During the 3rd century BC, piracy flourished among the Illyrian tribes dwelling along the coasts of today’s Croatia and Albania. Piracy had been suppressed during the Classical period, when the powerful navies of Athens and Rhodes kept the waters around the Greek world relatively safe. Phillip II of Macedon and his son Alexander the Great followed suit, but after Alexander’s death his successors focused their energies on fighting each other. With no strong naval presence to keep them in check, the Illyrians took full advantage of the many hidden inlets along their coastlines, and turned to piracy as a way of life.
That eventually led to conflict with the expanding Roman Republic. Rome became a dominant Mediterranean naval power for the first time after its victory over Carthage in the First Punic War (264 – 241 BC). However, that newly won dominance was challenged by the Illyrians across the Adriatic Sea from the Italian Peninsula, most notably the Illyrian Ardiaei tribe, and their queen Teuta (reigned 231 – 227 BC).
Teuta had inherited the Ardiaei kingdom following the death of her husband, king Agron, in 231 BC. She continued her husband’s expansionist policies, pushing her realm’s borders deeper into the Balkans, while encouraging and supporting her subjects’ piratical activities. The trouble with Rome started when some of her pirates seized and plundered Roman vessels.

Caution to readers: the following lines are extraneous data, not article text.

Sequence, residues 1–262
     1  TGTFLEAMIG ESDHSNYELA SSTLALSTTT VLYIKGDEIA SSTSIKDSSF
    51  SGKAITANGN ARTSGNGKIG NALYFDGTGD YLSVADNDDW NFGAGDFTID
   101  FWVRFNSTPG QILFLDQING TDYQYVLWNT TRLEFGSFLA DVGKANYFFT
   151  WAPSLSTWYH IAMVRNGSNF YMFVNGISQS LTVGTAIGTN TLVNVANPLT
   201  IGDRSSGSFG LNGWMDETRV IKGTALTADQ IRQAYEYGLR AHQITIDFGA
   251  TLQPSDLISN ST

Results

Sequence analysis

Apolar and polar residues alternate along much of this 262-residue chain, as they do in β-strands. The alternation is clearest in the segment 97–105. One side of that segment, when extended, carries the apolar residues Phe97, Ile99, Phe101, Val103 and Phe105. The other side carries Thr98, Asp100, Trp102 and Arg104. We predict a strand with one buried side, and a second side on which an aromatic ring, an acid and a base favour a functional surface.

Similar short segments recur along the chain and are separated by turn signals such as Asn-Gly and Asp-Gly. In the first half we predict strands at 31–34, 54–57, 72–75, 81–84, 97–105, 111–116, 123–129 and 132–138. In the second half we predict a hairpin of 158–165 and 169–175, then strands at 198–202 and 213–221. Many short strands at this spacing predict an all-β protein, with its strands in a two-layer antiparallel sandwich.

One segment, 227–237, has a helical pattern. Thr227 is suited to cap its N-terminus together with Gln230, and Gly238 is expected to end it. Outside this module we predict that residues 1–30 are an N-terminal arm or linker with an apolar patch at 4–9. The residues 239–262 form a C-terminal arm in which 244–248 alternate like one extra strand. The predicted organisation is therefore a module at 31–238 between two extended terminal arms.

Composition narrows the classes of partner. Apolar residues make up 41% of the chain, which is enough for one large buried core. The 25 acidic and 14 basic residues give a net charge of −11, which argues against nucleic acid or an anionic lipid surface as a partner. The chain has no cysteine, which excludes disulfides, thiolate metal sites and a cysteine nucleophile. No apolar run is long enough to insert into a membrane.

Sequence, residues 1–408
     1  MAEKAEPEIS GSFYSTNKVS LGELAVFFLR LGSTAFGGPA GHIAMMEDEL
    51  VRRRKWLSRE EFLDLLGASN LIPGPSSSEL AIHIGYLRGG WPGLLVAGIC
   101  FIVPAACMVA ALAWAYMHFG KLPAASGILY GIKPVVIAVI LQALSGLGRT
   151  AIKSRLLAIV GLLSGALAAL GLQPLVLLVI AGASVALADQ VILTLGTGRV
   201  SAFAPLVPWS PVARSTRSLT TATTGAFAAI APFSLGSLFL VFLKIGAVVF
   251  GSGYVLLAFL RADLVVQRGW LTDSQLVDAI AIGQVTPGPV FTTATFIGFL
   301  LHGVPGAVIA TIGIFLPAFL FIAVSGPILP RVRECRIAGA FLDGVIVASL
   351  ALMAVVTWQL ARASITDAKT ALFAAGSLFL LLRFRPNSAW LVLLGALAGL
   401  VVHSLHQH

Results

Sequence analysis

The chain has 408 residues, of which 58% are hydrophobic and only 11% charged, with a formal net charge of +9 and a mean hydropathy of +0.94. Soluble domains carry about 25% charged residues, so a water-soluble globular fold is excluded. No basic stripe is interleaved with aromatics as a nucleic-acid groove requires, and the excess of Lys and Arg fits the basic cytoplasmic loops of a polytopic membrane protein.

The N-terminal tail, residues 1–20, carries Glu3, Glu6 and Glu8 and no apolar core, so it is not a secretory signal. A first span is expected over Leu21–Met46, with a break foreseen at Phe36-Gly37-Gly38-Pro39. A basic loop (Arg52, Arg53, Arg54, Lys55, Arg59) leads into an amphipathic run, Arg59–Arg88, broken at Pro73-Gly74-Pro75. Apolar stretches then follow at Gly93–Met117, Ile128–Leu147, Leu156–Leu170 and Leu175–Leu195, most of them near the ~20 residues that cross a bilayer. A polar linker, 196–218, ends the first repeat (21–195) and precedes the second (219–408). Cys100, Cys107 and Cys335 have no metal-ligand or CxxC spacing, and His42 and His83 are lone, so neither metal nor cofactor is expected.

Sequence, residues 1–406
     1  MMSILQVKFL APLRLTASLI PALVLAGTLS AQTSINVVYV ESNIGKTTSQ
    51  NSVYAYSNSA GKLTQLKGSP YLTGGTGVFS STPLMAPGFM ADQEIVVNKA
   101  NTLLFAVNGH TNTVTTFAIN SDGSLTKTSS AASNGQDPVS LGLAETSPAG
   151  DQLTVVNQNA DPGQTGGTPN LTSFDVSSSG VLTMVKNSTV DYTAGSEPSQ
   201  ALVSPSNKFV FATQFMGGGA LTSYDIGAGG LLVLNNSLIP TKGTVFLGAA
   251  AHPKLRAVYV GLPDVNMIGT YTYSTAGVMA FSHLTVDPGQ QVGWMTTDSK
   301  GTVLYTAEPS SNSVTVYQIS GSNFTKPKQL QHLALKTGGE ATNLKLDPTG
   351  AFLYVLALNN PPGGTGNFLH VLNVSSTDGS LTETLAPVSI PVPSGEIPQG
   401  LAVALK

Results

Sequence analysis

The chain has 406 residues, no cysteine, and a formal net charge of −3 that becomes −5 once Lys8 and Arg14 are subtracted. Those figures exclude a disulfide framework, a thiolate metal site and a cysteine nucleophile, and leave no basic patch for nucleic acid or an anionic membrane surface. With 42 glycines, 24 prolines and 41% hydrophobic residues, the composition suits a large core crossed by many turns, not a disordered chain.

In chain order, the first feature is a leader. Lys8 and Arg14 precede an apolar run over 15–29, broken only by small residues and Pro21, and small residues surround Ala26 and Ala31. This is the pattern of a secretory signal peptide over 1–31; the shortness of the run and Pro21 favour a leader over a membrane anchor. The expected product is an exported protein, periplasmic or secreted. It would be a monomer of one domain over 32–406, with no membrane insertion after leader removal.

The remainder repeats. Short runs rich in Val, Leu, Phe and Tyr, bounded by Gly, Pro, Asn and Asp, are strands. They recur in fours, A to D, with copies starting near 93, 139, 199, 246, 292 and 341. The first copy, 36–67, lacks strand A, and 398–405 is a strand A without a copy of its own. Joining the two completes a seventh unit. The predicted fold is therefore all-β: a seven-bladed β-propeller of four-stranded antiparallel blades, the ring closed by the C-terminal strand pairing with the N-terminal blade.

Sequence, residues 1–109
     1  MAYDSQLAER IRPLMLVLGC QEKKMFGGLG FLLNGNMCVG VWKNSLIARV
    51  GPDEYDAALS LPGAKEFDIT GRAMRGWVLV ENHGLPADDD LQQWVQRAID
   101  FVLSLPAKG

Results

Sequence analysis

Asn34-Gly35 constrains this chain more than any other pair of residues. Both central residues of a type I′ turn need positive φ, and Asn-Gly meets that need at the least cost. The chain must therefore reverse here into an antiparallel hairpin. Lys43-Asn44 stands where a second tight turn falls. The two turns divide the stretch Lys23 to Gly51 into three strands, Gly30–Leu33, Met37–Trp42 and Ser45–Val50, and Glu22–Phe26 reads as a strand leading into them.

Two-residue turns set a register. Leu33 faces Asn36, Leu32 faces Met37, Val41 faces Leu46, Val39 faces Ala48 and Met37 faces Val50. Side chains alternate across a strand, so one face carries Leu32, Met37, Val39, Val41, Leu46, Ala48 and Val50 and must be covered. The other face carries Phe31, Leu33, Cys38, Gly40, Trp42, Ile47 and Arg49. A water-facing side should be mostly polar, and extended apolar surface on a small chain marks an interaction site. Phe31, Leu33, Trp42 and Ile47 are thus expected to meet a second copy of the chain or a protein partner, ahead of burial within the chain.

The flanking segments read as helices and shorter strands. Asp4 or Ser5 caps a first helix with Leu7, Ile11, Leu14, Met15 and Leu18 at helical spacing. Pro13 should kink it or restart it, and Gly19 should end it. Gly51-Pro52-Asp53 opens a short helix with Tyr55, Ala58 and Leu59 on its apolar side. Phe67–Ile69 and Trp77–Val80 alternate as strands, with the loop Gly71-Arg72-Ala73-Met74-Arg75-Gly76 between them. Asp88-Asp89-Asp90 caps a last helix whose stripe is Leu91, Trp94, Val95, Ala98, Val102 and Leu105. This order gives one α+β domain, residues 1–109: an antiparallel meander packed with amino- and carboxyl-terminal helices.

When the merchants complained to the Roman Senate, it tried to handle the problem with diplomacy at first, and so two envoys were sent to Teuta’s court to complain. Teuta responded that piracy was legal among the Illyrians, and her government had no right to interfere with the private enterprise of its citizens. When the Roman diplomats retorted that Rome would then have no choice but to make her change Illyrian laws, Teuta stopped feeling diplomatic. She ordered one of the Roman envoys killed, and the other imprisoned.
The outraged Romans declared war in 229 BC. A fleet of 200 warships was sent to harry the Illyrians at sea, while an army of 20,000 men and cavalry crossed the Adriatic to harry Teuta’s kingdom by land. Despite her fierce resistance, Teuta’s kingdom was no match for the might of Rome, and in 227 BC, she was forced to surrender. The Romans made her to sign a humiliating peace treaty. She was allowed to keep her throne, but as a de facto Roman vassal, paying annual tribute, and ruling over a shrunken realm, stripped of much of its territory.
Anne Bonny (1697 – 1781) was one of history most famous female pirates. Her fame even rubbed off on others, making otherwise forgettable historical figures famous as well. Best example of that being Anne’s lover, John Rackham, better known as Calico Jack (1682 – 1720). He is one of the best known pirates of the Golden Age of Piracy, but not because he was much good at being a pirate. Instead, much of his fame is owed to the fact that his crew included two of history’s most famous female pirates, Anne Bonny and her friend Mary Read.